As she strips down to a furry white bikini and shakes her moneymakers, Sangeeta gets more and more embarrassed—as a good Hindustani ladki should—while everyone else is delighted. But seeing her friend’s discomfiture, Laxmi comes to the rescue and takes over the dance floor.
Oh Laxmi! How I adore you. And so does my friend Tom, who has un-defaced and uploaded the whole thing for your delectation. Seriously you need to watch this.
Raj now sets out to woo the shy Sangeeta, but there is a big obstacle (and not just in beehive hairdo form). His wealthy and domineering father Rai Sahab (Jayant) wants him to marry Rani (Azra), the daughter of his best friend (Raj Mehra). Rani wants to marry Raj too, and she’s quickly aware of his attraction to Sangeeta (after he sings another lovely song on a touristy outing with them: “Yeh Tumhare Raaste”).
Rani’s first move is to warn Sangeeta off in classic “He’s mine!” fashion; but when it’s obvious that Raj himself is feeling mutinous about her possessiveness she goes running to his father, who assures her that she has nothing to worry about.
Sangeeta at least has taken Rani’s words to heart (plus manager Mehta, who doesn’t want to lose his new meal ticket, also weighs in on Rani’s behalf), and she stops speaking to Raj. This is excuse enough for two more Laxmi dances, hooray! Girl just loves to dance (and thanks again to Tom). I love the meta-lip-synching going on in the first one: Laxmi lip-synching for Sharmila lip-synching for Asha B.
So much Laxmi goodness!
But eventually, with Laxmi and Tom’s help (Tom—Genda—is now also wooing Laxmi in his bumbling CSP manner) the two manage to find some time alone together in the African wilderness.
Love blossoms, because nothing spells romance quite like a cheetah feeding on a bloody carcass.
While Raj and Sangeeta are dancing with Masai warriors and going on safari, Rani is fuming and complaining to Rai Sahab about his son’s behavior. Rai Sahab asks Raj about his relationship with Sangeeta in front of Rani; Raj explains that Sangeeta is the singer for the shows he is producing and he has to spend time with her as part of his job. Raj is clearly intimidated by his father (Shashi’s facial expressions are priceless), and he escapes with relief as Rai Sahab tells Rani that she is “a fool”. I almost feel sorry for her, but not quite.
He’s not fooled for long. Rai Sahab and Rani overhear Sangeeta telling Raj that she doesn’t want to return to India—and Raj is overjoyed. Hmmph!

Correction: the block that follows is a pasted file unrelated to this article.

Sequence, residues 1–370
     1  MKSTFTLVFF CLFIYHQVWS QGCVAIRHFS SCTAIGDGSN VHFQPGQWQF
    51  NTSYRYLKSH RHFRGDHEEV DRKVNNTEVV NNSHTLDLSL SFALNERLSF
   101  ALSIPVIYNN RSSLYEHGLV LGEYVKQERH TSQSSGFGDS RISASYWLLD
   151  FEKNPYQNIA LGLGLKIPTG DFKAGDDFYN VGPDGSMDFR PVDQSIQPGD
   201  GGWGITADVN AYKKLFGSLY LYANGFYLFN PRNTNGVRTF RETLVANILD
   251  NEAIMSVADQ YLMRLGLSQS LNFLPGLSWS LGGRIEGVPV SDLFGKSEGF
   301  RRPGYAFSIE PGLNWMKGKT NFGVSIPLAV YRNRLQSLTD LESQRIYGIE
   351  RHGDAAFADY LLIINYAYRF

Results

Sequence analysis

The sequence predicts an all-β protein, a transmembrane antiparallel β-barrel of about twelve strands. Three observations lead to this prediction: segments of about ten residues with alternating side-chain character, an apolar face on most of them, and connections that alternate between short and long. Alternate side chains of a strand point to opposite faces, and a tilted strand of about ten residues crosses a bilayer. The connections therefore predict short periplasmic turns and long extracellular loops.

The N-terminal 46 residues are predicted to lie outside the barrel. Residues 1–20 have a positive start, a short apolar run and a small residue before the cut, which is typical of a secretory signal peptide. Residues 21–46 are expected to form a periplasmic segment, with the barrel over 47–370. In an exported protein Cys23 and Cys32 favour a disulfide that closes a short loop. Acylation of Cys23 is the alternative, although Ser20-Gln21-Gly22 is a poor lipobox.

Rai Sahab’s opportunity to sabotage his wayward son’s romance comes soon after. Raj and Tom have entered a three day car rally through the rainy-season mud of Kenya, Uganda and Tanzania—and Raj crashes the car near the end.
He is badly hurt (Tom is okay). As he lies unconscious in surgery, Sangeeta runs dramatically through the streets of Nairobi to the hospital. I sense that Happy Happy Fun Time in Africa is at an end, and I am right. Rai Sahab and Rani are already at the hospital, and Rai Sahab has a long and dramatic conversation with Sangeeta in which he finally persuades her to give up Raj (although I have no idea what his leverage is, besides the usual “sacrifice yourself for his family izzat” etc.). She returns to India with Laxmi and Mehta, heart-broken but noble, while Raj recovers from his injuries. Rai Sahab tells Raj that Sangeeta has gone, but not why, of course.
At Raj’s birthday party, Rai Sahab announces his engagement to Rani.
The DRAAAAA-MAAAAAA! Time to get the earplugs out: this music popped up *every ten minutes* during the second half, I kid you not.
(Manorama and my friend Ted Lyons get to witness the party goings-on in person!)
Will Raj be able to defy his father? Will he even want to, given that Sangeeta didn’t show up when he was hospitalized and went home? Will Sangeeta faithfully honor her promise to Rai Sahab to stay away from Raj? Will she gain fame and fortune in India as she did in Nairobi? What will Mehta do in order to hang onto her?
I’ll tell you one thing: it really pisses me off when Raj hits Sangeeta so hard that one of her earrings breaks. What kind of message is that, movie makers? Grrrr.
It impedes my ability to wholeheartedly love this movie, although the rest of it is good Mills and Boon soapy fun. It seems strange too, coming from the same people who give us this gem at the very end! I laughed out loud.
Anyway, there’s always Laxmi to fall back on. She makes almost as many cute faces as Shashi does, and she doesn’t hit anybody.